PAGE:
However, the trick to these high speeds was that Verizon was using mmWave spectrum exclusively for its 5G network. The carrier had no slower midband or low-band 5G networks to drag its numbers down. This was Verizon’s 5G Ultra Wideband Network as it originally existed. It ran almost entirely on the 28GHz spectrum.
Further, Verizon’s 506Mbps speeds needed to come with a pretty big qualifier — they weren’t available to 99% of the carrier’s customers. The extremely short range of mmWave meant that Verizon hadn’t deployed it beyond a few major urban centers, and OpenSignal noted that Verizon’s customers only accessed its mmWave 5G network about 0.4% of the time. This figure doubled to 0.8% by 2021, but that still meant that Verizon’s customers spent more than 99% of their time on a 4G/LTE connection.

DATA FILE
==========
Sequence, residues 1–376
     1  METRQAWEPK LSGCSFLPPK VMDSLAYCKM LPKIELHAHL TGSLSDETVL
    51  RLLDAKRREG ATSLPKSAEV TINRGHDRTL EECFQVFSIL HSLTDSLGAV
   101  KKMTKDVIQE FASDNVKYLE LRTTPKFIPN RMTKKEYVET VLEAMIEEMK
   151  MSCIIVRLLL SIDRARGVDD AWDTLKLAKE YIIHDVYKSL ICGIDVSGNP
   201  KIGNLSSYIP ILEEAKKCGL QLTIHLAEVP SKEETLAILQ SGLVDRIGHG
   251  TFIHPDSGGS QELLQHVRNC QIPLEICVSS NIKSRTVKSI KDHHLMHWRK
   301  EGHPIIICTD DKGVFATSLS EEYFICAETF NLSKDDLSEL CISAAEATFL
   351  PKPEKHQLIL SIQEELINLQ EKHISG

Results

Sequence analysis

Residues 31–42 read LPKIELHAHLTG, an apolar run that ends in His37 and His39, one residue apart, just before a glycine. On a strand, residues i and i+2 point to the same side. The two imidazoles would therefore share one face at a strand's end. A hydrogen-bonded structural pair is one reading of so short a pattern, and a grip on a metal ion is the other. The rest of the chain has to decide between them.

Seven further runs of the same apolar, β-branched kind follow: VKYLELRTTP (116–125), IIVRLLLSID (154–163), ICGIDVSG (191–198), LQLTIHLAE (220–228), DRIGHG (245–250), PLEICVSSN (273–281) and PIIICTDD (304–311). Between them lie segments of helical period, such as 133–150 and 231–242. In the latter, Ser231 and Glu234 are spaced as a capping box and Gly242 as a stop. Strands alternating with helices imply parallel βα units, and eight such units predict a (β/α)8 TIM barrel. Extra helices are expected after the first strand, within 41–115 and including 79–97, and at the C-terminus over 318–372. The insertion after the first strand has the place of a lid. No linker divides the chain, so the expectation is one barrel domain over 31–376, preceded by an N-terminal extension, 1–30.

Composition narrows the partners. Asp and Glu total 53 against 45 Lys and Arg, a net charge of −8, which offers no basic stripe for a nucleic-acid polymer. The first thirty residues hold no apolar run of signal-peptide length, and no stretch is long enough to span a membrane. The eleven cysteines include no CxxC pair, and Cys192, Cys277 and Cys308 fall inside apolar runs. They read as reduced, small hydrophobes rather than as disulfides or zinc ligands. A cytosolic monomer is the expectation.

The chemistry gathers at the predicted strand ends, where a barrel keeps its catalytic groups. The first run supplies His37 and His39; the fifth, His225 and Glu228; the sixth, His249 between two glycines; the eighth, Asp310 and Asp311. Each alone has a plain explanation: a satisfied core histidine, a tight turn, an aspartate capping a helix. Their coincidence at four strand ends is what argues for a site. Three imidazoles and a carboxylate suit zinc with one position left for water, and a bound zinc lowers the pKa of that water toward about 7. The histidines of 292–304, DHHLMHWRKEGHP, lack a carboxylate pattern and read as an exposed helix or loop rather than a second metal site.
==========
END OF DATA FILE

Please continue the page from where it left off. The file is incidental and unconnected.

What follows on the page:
AT&T opted for more strategic use of mmWave. It had licensed a chunk of 24GHz 5G spectrum early on, primarily deployed for business use in a few cities. Later, it dropped $1.2 billion to acquire a sizeable chunk of 39GHz spectrum, which it’s been more actively deploying to its customers. AT&T calls this its 5G+ service.
Technically speaking, T-Mobile does have some mmWave deployments in a few cities, but the carrier doesn’t talk about it very much. T-Mobile had a nice chunk of fast midband spectrum to play with long before its rivals could get their hands on the coveted C-band spectrum, so mmWave hasn’t been nearly as important to the carrier’s plans.
Benefits of mmWave
Rather than base its entire 5G network on mmWave as Verizon did, AT&T has focused on augmenting its lower-frequency 5G with mmWave cells in extremely dense areas like stadiums and airports.